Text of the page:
All this suggests an understanding of the potential timelines under these scenarios points to one conclusion – the White House is taking the best approach, one that extends the breakout timeline and has the best potential for securing an intrusive inspections regime to ensure Iranian compliance.
Opponents of diplomacy would do well to reflect on the reality that as the United States has tried to leverage sanctions against Iran, Tehran has responded by ramping up the production of centrifuges. As a result, the U.S. has long been in need of a new direction in its policy toward Iran.
Tentatively, but unmistakably, the Obama Administration has pursued a new approach – one that has brought us the first freeze on Iran’s nuclear program in a decade and which reports suggests have led to significant concessions on Iran’s Arak reactor.
If such a deal is not good enough for some in Congress or Israel’s government, then they must be prepared to speak up and offer viable alternatives. In the meantime, they should avoid undermining one of the most promising prospects for limiting Iran’s nuclear program in years. http://globalpublicsquare.blogs.cnn.com/2014/04/18/why-we-must-give-iran-nuclear-deal-a-chance/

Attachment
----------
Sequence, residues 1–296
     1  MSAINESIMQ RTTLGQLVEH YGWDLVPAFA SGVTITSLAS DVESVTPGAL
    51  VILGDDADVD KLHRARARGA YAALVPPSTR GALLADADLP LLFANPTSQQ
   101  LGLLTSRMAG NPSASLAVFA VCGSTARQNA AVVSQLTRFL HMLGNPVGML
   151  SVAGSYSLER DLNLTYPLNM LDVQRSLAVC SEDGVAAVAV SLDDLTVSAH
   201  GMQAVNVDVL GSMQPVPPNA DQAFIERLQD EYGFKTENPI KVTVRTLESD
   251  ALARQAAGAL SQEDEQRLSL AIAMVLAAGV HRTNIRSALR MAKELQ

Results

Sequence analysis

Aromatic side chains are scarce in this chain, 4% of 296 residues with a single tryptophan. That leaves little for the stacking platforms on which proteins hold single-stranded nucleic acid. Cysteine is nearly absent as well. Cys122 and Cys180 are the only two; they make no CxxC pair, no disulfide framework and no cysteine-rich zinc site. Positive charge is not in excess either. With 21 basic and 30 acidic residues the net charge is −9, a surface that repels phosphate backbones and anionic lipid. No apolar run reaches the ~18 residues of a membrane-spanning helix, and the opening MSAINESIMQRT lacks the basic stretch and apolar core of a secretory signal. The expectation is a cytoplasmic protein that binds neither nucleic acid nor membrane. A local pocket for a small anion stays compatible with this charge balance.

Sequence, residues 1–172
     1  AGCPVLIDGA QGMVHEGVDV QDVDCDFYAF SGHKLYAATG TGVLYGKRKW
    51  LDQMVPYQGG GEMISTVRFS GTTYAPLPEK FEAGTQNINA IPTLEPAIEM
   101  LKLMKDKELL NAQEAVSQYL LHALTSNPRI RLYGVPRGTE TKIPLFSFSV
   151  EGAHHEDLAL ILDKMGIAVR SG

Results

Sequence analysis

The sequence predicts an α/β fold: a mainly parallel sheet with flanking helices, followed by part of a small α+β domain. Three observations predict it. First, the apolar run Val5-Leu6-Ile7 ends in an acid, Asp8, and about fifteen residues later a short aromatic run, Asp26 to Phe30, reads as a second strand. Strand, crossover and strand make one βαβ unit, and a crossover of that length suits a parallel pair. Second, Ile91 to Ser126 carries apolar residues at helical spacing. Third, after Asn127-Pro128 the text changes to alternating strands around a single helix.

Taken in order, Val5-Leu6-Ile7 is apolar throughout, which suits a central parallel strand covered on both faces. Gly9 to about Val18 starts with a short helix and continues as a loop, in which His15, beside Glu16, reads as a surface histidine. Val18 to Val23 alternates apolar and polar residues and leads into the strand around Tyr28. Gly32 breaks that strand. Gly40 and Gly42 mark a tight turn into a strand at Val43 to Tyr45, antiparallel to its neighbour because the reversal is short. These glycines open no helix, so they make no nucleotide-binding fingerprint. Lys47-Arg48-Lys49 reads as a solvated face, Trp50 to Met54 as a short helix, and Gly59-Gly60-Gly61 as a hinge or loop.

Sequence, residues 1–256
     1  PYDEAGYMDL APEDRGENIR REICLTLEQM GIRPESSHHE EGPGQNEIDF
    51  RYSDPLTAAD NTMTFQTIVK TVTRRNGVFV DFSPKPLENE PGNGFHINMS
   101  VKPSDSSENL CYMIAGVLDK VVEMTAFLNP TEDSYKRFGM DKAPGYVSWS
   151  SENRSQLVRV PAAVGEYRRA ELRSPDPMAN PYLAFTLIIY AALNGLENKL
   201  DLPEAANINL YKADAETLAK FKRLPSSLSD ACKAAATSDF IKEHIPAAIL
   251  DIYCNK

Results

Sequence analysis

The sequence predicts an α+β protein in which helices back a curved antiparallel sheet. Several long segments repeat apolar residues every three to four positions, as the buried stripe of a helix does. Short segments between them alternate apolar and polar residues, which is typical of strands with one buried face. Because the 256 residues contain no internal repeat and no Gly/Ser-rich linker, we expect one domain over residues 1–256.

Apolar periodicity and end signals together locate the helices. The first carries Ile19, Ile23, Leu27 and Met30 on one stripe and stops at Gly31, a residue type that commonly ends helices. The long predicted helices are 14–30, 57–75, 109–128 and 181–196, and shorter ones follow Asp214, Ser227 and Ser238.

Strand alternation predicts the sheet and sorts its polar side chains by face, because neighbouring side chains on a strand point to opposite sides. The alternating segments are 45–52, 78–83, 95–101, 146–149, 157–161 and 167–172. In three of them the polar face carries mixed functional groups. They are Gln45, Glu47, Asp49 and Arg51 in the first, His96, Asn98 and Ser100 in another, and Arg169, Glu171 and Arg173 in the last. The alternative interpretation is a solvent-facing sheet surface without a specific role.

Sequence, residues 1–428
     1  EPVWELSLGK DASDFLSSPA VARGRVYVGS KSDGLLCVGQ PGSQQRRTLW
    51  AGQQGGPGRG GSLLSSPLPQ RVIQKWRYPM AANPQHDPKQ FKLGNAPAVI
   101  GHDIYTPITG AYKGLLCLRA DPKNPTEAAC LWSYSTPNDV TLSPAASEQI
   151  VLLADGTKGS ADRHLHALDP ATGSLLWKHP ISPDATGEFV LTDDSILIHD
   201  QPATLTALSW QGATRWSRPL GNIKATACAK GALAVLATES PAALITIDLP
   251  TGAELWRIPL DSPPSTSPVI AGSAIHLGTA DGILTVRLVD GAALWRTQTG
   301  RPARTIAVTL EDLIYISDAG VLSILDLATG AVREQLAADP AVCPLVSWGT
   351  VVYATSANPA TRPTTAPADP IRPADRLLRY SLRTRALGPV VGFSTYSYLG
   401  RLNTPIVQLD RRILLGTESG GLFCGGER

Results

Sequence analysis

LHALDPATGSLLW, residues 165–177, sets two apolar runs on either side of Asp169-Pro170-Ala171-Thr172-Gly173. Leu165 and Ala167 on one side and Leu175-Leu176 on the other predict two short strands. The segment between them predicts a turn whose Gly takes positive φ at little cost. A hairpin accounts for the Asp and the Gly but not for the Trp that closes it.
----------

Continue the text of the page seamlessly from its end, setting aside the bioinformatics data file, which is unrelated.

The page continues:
Nearly 50 years have passed since the events in question. It is time to level with the public. At this point it is up to the president himself to decide whether to declassify completely the NUMEC documents, all of which are over 30 years old. He should do so. We know that is asking a lot given the president’s sensitivity about anything involving Israel, and especially anything relating to Israeli nuclear weapons. But none of his political concerns outweigh his responsibility to tell the US public the historical truth it deserves to know.
Did Israel steal bomb-grade uranium from the United States? Bulletin of Atomic Scientists Victor GilinskyRoger J. Mattson 17 April 14 Last month the Interagency Security Classification Appeals Panel (ISCAP), the nation’s highest classification authority, released a number of top-level government memoranda that shed additional light on the so-called NUMEC affair, “the story that won’t go away—the possibility that in the 1960s, Israel stole bomb-grade uranium from a US nuclear fuel-processing plant.”
The evidence available for our 2010 Bulletin article persuaded us that Israel did steal uranium from the Apollo, Pennsylvania, plant of the Nuclear Materials and Equipment Corporation (NUMEC). We urged the US government to declassify CIA and FBI documents to settle the matter. In releasing the current batch—the release being largely due to the persistent appeals of researcher Grant Smith—the government has been careful to excise from all the released documents the CIA’s reasons for fingering Israel.